Advice Point: Because it is minimally required and the premiums may be less, it is tempting to only insure for property and bodily injury liability coverage and not protect yourself with comprehensive and collision coverage. However, seriously consider your circumstance if you were in an accident and your car was totaled. Would you have enough financial savings to cover your own injuries and damages and purchase a new car? Do you have primary medical insurance? Will you have to stop working? Knowing the answers to these few questions will go a long way in bringing perspective to how vital car insurance coverage is.
What is Full Coverage Car Insurance?
The first four coverages are so commonly packaged together, Liability + Collision and Comprehensive, that together it’s called full coverage insurance.
What Does Car Insurance Not Cover?
Car insurance only covers what is included in the policy. Warning, always read your policy for the most relevant details. Outlined above, the bare minimum of car insurance, liability alone, will only cover those who are injured and not at fault, as well as their property. This means, with minimal coverage, you, the driver, and your car are not covered, and you are liable for your own repairs and medical expenses. You can pay out of pocket for them, or if you have comprehensive and collision coverage, you can file a claim to cover those expenses.
Who Pays for Lawyers if They are Involved?
Another interesting coverage question is whether lawyer fees are covered by insurance. The short answer is “yes” if you are being sued and there is reasonable cause to say you are not at fault. Insurance companies have a “duty-to-defend” written in their policies, which generally states they have the right and are supposed to defend a claim, even if it is groundless. But the devil is in the details. Often, if your coverage has no deductible, then the provider does not have a duty-to-defend requirement.
However, if you want to sue another driver because you think they are at fault, the insurance company will not cover ligation fees. You will have to do that out-of-pocket. Questions about lawyer fees are a complex facet of insurance, and it is best to direct them to a representative of your insurance provider.
Who Does Auto Insurance Coverage Protect?
Commonly, your car insurance will cover you and your family members for the purposes of using the covered vehicle for personal use. Often this is extended to cover people you permit to drive your car, like a family member visiting for the holidays. But like all contracts, confirm that these are indeed the facts your policy guarantees. No longer is there a standard auto policy, and as the following suggests, policyholders cannot afford to misunderstand when their policy is applicable.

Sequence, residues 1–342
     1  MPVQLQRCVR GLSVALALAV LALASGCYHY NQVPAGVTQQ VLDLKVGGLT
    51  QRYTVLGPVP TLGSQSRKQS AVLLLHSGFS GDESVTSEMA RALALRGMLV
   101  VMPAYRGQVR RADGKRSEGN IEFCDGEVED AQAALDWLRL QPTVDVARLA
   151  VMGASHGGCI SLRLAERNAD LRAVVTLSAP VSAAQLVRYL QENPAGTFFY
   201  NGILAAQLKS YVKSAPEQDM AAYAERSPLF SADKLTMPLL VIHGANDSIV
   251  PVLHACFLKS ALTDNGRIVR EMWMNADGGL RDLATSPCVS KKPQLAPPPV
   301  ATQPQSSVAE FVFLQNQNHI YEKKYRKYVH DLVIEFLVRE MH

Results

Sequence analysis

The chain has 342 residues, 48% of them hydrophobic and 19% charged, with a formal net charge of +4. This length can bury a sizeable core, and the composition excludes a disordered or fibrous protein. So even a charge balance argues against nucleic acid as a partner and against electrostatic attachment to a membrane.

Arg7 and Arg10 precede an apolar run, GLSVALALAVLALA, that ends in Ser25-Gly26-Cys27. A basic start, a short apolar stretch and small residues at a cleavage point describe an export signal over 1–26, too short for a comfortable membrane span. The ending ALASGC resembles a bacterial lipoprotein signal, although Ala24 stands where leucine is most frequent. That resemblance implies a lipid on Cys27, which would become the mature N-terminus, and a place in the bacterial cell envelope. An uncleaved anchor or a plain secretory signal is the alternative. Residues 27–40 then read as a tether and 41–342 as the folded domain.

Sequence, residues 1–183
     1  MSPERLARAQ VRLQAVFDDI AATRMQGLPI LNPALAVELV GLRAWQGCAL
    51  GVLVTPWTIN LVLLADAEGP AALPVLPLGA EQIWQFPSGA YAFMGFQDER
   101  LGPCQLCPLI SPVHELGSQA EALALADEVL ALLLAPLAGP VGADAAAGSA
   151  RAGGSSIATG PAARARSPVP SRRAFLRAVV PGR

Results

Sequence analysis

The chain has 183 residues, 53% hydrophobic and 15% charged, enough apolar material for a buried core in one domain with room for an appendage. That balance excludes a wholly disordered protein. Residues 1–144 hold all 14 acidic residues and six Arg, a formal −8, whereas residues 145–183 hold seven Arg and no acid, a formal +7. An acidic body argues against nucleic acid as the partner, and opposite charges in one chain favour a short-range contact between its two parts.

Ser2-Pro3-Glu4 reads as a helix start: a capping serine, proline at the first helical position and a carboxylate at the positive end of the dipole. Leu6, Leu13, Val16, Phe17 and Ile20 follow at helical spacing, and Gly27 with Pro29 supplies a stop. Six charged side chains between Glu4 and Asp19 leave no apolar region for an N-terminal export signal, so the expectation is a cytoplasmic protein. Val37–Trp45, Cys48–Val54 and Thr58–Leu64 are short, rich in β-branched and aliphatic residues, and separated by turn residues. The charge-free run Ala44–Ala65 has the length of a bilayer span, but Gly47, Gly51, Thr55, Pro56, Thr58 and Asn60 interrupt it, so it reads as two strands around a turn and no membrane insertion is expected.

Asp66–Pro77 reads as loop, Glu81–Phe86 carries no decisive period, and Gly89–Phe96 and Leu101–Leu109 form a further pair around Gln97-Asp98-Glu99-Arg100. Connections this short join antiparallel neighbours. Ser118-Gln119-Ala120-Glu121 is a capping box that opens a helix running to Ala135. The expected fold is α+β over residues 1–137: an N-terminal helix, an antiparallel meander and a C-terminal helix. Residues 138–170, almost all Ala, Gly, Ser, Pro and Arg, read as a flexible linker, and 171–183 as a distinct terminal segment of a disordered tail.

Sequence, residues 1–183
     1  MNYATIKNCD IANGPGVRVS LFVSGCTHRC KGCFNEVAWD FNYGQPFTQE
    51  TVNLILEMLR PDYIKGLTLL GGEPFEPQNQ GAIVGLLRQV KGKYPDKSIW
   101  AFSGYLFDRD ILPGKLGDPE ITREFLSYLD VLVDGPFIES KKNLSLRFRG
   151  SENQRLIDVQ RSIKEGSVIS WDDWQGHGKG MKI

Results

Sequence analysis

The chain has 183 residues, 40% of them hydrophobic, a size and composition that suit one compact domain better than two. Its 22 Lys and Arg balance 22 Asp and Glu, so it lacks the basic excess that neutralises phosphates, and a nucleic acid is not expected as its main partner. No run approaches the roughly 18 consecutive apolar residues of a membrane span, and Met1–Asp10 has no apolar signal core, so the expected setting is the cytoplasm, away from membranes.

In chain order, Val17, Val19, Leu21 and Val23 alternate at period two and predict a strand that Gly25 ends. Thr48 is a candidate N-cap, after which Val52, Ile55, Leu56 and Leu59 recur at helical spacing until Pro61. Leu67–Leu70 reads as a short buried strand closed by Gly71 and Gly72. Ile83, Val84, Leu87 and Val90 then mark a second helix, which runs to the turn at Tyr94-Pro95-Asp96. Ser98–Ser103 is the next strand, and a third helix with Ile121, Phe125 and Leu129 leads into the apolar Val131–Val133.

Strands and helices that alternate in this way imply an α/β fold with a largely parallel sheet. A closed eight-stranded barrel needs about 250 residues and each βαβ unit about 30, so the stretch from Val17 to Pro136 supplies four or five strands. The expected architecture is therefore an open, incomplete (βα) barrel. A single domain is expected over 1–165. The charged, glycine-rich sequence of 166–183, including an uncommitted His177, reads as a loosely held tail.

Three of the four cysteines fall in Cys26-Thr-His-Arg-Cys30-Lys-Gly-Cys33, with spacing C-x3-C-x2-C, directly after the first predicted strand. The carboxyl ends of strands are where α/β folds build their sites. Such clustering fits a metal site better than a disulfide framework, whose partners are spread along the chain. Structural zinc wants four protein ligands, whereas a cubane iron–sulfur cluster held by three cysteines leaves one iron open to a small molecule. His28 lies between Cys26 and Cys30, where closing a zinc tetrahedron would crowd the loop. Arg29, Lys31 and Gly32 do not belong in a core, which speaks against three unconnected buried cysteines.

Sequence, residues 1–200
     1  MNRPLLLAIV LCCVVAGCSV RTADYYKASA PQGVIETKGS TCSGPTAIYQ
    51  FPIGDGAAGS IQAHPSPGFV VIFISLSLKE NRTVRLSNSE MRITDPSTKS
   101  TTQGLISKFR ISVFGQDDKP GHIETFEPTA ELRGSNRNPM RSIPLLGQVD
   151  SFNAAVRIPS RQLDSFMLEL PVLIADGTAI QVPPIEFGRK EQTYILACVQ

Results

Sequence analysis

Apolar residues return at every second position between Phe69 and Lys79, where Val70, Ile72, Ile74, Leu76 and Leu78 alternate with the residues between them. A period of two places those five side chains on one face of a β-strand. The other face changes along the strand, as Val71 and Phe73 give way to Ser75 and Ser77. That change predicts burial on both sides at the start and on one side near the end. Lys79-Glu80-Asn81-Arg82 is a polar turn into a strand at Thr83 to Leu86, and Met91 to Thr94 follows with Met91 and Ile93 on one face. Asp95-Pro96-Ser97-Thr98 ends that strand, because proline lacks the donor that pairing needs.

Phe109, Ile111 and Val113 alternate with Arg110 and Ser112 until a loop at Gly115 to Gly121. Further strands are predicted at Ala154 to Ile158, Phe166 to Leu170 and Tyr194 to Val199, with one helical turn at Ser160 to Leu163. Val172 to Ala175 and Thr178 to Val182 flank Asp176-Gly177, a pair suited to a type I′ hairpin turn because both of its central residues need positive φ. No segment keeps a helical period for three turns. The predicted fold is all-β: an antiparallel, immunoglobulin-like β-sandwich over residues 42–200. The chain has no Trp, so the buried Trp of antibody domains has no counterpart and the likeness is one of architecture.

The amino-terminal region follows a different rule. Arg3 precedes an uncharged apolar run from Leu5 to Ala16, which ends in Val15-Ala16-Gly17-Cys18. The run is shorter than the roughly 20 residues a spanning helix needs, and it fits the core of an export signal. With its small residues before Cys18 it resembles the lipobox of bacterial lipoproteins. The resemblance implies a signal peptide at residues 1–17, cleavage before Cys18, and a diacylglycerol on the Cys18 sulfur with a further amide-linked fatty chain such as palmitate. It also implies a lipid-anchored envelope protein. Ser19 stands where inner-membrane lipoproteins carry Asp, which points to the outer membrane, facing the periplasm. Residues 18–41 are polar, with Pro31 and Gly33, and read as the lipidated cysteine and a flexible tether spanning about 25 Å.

Does my insurance follow me or my car?
Coverage is made complicated because of what different coverages protect. Liability coverage protects the insured and should follow them if they operate a vehicle owned by someone else. Comprehensive and collision coverage covers the car rather than the driver and should follow the vehicle if operated by someone other than the owner. Similar to liability, MedPay and Personal Injury Protection (PIP) insure the driver and should follow them if they are driving someone else’s car.
Review your policy closely, and pay particular attention to how and when each coverage is valid. Ask your insurance provider to explain these details before you’re in an accident and need the information.
Is Auto Insurance Coverage Mandatory?
Although insurance requirements are set at the state level, therefore different in each one, in practice, if you are driving a vehicle, there is little difference; you need to have car insurance. You can’t go wrong with getting full coverage auto insurance as this will almost always be modeled to cover your state’s mandatory requirements.
The minimum car insurance required is typically liability insurance, including property and bodily injury liability coverage. This means that your insurance provider will be able to pay for injuries and damages that you cause to other people and property but not you.
Do I Really Need Car Insurance? Some States Don’t Require it.
Auto insurance coverage is mandatory in all states except New Hampshire. Car insurance liability can be handled in different ways in these states. Other methods for covering for liability are setting a bond or paying an “uninsured motorist” fee and taking the risk personally. However, in both cases, liability is still a concern and must be assumed by the driver. In these states, it is not required to purchase insurance, but you cannot escape liability.